There is of course, controversy regarding the role of these sculptured figures regarding whether they actually depicted priests or perhaps, merely deacons and assuredly, other examples most probably do indeed represent deacons.  For instance, she eluded to Christian communities in the East where reference was made in a document, Didascalia Apostolorum, to a pair of male and female deacons who supervised the offerings and where, she stated, the female deacon symbolized the Holy Spirit while the male deacon symbolized Christ wherever Aramaic was spoken.

This is a fascinating book because its main focus is on Mary, the Mother of Jesus, illustrating her multi-roles as a powerful leader, teacher and notably, as a presbyter or high priest and bishop in the nascent church.  Additionally, research showed other early Christian religious women inside the two iconic basilicas of Christianity, Old St. Peters in Rome and the Hagia Sophia in Constantinople.  Furthermore, Ally Kateusz searched extra-canonical gospels, extracting much supporting data, hidden from public view.  Finally she took academics visiting Rome to see a mosaic in the San Venantius Chapel in the Church of the Lateran baptistery which depicts Mary adorned in what appears to be a pallium - itself a symbol of episcopal authority granted new bishops.  The mosaic shows Mary's arm raised as if celebrating the Eucharist, but most of the red tesserae (small tiles of glass or stone used in mosaic construction) fashioning the cross on Mary's pallium were deliberately removed, and then this mosaic was purposely obscured by a massive altar-piece, in accord with a decree issued by the Holy Office in 1916, to ban all images depicting Mary in priestly vestments!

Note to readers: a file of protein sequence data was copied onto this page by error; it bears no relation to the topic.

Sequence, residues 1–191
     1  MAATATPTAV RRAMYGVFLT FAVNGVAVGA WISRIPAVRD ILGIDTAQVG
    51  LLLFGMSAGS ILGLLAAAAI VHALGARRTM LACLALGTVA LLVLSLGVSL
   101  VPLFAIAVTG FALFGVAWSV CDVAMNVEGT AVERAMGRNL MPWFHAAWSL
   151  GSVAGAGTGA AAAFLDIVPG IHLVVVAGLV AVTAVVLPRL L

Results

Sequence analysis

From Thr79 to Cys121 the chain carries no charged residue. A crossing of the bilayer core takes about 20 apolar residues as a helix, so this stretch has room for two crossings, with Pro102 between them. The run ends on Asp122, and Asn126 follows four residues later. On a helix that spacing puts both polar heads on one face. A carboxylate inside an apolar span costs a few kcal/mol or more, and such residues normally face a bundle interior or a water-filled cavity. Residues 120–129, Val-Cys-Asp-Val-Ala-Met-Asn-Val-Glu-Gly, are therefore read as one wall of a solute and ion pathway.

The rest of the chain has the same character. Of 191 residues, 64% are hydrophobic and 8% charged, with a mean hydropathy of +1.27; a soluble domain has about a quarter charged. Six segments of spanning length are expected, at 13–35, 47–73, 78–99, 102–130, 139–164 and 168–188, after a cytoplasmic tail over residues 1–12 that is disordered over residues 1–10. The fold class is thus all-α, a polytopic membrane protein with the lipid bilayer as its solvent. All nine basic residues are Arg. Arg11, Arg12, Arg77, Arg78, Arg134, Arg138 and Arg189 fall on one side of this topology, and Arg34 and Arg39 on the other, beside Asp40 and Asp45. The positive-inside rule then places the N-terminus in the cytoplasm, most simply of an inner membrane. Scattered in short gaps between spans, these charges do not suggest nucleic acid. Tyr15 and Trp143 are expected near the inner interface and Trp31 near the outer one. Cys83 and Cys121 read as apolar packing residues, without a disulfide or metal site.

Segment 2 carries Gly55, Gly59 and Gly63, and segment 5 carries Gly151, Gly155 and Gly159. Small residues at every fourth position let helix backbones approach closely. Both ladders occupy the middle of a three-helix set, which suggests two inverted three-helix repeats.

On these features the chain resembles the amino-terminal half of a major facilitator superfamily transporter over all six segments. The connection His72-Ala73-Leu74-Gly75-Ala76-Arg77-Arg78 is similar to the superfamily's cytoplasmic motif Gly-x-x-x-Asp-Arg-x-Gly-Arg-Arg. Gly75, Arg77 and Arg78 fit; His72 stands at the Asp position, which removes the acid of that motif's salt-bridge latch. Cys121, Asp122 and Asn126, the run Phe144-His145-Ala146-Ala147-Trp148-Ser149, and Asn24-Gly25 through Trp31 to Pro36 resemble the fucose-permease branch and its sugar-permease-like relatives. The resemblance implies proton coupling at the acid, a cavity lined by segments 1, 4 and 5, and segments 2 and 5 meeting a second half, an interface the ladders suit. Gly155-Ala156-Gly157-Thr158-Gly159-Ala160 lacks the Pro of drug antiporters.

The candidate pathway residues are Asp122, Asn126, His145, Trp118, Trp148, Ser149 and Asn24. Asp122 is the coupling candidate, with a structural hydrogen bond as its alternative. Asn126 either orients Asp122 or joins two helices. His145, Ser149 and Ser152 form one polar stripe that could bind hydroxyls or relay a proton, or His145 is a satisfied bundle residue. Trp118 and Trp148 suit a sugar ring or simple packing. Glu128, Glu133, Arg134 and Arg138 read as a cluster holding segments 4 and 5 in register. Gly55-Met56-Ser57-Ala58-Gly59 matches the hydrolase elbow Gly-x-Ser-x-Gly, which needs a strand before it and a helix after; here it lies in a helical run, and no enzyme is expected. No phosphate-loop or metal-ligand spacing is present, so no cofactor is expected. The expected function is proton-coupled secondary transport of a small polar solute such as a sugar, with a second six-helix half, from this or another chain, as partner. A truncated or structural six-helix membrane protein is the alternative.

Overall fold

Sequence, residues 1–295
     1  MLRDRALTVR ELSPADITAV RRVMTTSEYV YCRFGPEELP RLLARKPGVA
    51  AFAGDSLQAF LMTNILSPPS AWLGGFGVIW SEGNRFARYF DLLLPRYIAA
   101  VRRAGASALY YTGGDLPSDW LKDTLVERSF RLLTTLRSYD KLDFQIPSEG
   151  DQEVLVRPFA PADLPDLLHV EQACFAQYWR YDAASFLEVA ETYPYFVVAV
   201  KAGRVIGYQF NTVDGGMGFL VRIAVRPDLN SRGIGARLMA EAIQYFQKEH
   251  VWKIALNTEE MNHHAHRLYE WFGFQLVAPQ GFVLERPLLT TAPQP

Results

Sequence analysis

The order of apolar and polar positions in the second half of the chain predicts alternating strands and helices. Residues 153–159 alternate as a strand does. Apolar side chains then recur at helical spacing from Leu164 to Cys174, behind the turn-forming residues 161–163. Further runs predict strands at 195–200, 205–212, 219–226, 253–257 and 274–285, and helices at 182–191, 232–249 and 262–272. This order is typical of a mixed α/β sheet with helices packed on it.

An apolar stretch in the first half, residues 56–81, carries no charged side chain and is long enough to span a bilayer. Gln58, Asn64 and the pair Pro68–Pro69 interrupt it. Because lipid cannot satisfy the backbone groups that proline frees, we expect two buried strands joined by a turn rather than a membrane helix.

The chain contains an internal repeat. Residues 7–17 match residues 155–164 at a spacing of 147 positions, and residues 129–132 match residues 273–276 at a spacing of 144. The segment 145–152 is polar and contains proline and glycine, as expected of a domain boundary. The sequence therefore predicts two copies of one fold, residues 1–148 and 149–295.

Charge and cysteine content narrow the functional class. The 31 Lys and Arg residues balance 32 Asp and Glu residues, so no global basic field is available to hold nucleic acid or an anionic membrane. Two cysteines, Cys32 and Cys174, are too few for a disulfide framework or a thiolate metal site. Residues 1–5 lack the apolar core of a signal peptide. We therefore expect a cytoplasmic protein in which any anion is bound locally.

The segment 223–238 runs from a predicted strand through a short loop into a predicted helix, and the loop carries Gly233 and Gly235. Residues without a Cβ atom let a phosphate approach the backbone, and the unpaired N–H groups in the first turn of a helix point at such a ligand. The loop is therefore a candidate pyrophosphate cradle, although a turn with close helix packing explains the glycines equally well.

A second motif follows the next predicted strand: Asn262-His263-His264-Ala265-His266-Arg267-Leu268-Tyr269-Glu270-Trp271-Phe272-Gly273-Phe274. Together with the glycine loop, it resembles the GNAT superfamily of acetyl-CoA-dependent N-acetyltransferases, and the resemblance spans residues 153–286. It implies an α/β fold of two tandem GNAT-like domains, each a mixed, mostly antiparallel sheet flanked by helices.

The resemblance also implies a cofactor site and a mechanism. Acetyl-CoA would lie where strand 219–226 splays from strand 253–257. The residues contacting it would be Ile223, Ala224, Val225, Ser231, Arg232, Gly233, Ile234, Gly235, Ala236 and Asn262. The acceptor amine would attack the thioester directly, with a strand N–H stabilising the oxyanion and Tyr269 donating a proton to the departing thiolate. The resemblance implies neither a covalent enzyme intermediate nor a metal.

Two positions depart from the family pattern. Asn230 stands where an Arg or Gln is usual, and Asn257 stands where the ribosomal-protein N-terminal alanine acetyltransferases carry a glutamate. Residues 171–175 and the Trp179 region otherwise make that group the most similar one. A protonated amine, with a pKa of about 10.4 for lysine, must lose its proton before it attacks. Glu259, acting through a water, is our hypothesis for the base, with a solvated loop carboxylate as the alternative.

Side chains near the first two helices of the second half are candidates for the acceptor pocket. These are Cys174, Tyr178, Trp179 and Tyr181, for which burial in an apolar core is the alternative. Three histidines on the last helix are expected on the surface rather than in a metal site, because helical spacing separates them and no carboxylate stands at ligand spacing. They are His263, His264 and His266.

This book is jam-packed with long-concealed information now revealed despite the modes of silencing the past that Dr. Ally Kateusz has unveiled.

She has produced an amazing collection of both new and old facts enhanced by the new discoveries that prove beyond a doubt that early church women from Mary on down, served as clergy.  Dr. Kateusz has divulged the redactionary analysis of Mary's liturgical leadership.  In other words, she has shown how scribes censored texts about women and their liturgical roles even although women were exceptionally involved in the spread and growth of Christianity.

Do not miss this book, Mary and Early Christian Women: Hidden Leadership.  It is full of recently discovered, revolutionary facts about the real, ``secret`` (unknown) Mary, Mother of Jesus, one surprise after another.  All those who have read or reviewed this wonderful Book of Revelation so far have little hope that the Vatican, having secreted evidence for eons of ages in their campaign to exclude women from the priesthood through the argument of tradition, will be willing to discuss these new findings today.

Best of all, you can access this book for free. (Free Electronic version at:
Palgrave Macmillan)

[Roberta Fuller, Bethany, ON, is a priest of RCWP Canada and serves as Servant Leader of St. Mary Magdalene, The First Apostle Catholic Faith Community at Pickering, ON]

'It's our church, too': Conference to focus on need for women's leadership

Heidi Schlumpf, | September 23, 2019

Women's inroads as leaders in the church and society is to be celebrated, but there is still much work to do so that churches, businesses and governments can benefit from the gifts and talents of half the human race.

So say speakers tapped to share their wisdom on the topic of women's leadership at the second Women of the Church conference, scheduled for October 18-20 at St. Mary's College in Notre Dame, Indiana.